1. re: lintygmom

                            It's not saccharine anymore; it's aspartame. Both have nasty aftertastes but they're different.

                            Even splenda has some aftertaste, to me at least. One year at Christmas my mom (who has totally changed her way of eating and cut out a lot of the stuff she fed me and my sister growing up) made cranberry sauce with splenda, and I just almost disowned her.

                            1. re: revsharkie

                              No, they still use saccharin in fountain soda syrups (not the canned kind but the kind you get from machines or in many restaurants). Saccharin is more stable than aspartame so they mix the two and then the syrup lasts longer than just aspartame.

                              1. re: lintygmom

                                Didn't know that. I thought saccharine had been banned (although that doesn't explain why you can still get those horrible pink packets). But I don't drink diet sodas from cans, bottles, or fountain, because I can't abide the taste of it. Then again, I'm starting to lose my taste for just about all pop because I can't stand how the corn syrup in it coats my mouth.

                                1. re: revsharkie

                                  You're thinking of cyclamate, I believe.

                              2. re: revsharkie

                                I can't stand artificial sweeteners, either. I had hopes for Splenda, which were immediately dashed on first taste - it was like the Disney version of sugar! Ghastly. Am I a supertaster? I don't know; maybe all those folks who like Splenda are simply NON-tasters!

                                1. re: Will Owen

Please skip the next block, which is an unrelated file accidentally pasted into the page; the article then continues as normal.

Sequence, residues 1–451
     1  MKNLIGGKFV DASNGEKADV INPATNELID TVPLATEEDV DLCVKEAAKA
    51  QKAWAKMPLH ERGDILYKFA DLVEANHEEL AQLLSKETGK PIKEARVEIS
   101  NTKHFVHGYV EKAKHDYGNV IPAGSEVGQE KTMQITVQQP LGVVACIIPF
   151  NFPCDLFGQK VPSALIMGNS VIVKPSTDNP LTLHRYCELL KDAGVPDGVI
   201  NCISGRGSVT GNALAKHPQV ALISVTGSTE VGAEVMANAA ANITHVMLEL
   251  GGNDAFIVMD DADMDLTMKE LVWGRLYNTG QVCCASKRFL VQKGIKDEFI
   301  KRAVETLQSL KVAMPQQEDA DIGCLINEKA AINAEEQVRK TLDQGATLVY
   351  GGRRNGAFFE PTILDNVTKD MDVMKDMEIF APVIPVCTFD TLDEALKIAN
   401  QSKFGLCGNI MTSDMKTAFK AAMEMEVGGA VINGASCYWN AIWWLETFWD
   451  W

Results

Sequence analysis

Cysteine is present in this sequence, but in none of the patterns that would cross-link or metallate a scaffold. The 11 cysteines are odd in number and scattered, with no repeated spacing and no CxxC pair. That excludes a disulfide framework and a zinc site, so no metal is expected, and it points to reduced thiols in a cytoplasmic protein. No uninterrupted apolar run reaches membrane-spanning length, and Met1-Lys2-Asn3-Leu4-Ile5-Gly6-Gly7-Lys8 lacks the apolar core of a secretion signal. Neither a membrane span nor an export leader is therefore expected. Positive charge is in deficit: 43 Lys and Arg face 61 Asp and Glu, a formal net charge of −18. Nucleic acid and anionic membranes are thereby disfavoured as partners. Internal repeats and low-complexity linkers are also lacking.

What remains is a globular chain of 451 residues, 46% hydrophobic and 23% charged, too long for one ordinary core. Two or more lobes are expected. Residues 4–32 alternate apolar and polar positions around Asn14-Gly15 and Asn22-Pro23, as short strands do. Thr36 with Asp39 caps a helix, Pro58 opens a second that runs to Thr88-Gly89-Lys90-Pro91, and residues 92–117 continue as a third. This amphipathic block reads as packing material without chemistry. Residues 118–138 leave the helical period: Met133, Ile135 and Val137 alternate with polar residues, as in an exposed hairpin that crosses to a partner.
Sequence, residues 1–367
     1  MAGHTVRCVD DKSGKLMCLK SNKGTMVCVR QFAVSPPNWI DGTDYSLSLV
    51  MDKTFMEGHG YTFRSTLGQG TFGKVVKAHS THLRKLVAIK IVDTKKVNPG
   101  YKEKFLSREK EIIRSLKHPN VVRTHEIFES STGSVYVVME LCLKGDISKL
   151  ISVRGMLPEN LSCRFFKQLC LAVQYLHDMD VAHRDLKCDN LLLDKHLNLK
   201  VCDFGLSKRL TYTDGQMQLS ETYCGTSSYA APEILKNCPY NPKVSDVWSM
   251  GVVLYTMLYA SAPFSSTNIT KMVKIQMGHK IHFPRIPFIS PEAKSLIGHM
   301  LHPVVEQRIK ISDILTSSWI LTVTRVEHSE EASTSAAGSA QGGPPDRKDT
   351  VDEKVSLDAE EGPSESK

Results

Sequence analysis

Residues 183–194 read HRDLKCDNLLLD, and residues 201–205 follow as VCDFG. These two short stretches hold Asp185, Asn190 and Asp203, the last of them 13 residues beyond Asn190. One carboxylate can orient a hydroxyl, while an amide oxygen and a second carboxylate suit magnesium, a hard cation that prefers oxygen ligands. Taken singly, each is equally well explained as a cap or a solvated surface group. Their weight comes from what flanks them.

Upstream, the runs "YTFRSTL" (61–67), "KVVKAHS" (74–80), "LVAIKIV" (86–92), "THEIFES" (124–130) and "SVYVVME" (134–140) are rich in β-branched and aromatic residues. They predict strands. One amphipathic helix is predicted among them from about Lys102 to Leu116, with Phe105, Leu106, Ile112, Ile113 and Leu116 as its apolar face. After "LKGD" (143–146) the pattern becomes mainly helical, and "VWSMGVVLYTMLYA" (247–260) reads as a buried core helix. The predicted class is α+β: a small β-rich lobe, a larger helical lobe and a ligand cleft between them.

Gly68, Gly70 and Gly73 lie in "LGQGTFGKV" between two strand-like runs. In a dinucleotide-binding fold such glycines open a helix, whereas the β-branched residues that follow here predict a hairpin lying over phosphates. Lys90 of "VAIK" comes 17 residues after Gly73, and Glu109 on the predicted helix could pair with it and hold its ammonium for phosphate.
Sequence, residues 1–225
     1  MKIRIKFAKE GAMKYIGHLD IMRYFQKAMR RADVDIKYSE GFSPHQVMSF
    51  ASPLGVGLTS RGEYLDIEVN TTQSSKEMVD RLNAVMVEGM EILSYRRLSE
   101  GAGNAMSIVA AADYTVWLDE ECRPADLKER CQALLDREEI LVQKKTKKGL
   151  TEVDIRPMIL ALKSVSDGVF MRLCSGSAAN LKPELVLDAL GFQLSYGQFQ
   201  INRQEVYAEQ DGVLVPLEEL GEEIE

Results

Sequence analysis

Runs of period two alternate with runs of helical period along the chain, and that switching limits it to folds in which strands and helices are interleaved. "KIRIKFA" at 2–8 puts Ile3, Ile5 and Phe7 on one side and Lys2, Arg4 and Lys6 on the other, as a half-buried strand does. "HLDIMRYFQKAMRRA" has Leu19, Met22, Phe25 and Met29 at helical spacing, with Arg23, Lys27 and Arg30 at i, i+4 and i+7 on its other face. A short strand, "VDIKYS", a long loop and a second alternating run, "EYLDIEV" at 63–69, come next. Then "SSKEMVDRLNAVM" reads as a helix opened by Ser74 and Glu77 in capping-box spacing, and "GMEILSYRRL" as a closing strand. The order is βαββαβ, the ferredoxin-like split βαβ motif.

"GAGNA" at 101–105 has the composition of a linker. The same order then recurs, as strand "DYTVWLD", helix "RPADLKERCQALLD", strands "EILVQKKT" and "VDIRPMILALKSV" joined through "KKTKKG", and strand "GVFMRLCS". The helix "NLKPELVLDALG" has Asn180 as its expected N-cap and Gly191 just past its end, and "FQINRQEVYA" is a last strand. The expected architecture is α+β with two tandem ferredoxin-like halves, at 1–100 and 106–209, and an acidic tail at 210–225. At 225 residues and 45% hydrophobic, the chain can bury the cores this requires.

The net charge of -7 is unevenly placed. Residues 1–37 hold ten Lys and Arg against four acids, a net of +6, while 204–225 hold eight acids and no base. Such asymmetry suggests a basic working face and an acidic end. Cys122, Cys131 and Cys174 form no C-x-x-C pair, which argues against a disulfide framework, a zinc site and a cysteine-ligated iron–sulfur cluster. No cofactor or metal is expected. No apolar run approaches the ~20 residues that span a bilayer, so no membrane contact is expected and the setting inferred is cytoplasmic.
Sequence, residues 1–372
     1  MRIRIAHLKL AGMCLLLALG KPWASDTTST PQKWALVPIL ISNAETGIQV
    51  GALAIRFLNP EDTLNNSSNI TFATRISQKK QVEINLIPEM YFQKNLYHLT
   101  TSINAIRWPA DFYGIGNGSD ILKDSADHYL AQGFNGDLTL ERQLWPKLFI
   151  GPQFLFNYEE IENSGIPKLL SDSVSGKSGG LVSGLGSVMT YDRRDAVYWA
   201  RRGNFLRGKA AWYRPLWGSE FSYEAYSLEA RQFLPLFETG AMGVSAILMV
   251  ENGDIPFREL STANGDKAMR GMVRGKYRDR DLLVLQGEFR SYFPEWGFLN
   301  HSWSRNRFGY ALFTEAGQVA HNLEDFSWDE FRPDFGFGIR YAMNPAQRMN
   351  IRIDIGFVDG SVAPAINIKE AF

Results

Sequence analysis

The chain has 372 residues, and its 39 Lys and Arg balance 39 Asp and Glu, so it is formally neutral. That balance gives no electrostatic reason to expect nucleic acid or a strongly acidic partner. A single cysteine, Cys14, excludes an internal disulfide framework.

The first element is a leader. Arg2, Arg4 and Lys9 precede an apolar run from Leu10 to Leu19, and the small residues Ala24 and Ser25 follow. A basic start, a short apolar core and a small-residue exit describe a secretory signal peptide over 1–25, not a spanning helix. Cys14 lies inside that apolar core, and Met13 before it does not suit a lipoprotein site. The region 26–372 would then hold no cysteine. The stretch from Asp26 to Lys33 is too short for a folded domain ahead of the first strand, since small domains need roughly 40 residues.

I can't stand anything with Splenda, either. I've discovered another sugar substitute called erythritol, which, to me, tastes like sugar. It's available in natural foods stores.

                                  1. re: FlavoursGal

                                    I used to be totally fine with Splenda (and all the other sweeteners). I switched to Stevia, and now all the others taste terrible to me - especially Sweet & Low. Go figure.

                          2. re: lintygmom

                            I am pretty musch a super sniffer. My M-I-L is not. I was cooking in her kitchen and I needed some cotton twine to tie a roast and asked her for some. She pulled a little container out of the drawer and handed me some lengths of twine and asked if that would do. The twine smelled strongly of some sort of perfume and when I asked her what had been in that box she commented on my ability to smell that fragrance, she could not deyect it but the box had held dusting powder. She never washed it out before storing the twine in it. I washed the twine well before trussing that roast. I always have to run some citrus peels down her disposer when we are there. It smells pretty bad but she has gotten used to it and does not notice it at all.

                            1. re: lintygmom

                              Very interesting! I'm a supertaster and have stopped drinking soft drinks of any kind, but when I did, there was nothing worse than being brought the wrong drink. I drank normal Dr Pepper, and getting a Diet Coke was just torture. Often I would notice from the smell that it was the wrong drink, but if I was distracted and took a sip ...

                              I'm not a picky eater and never have been ... always liked mushrooms and asparagus, and my favorite ice cream flavors as a child (coffee and pistachio) are ones I still quite like.

                              Broccoli is a little difficult, but I recently discover that if I boil rather than steam it, it is much more palatable. I have difficulty with things people say have 'no taste,' like tofu, cauliflower, and the like. I will not eat cauliflower ... I'll try tofu, but have never yet met a preparation that sends me back for more.

                              I do like umami, as another poster noted. I also like deep, complex flavors. Simple certainly has its place, but with many things I cook, just salt and pepper doesn't give me what I'm looking for.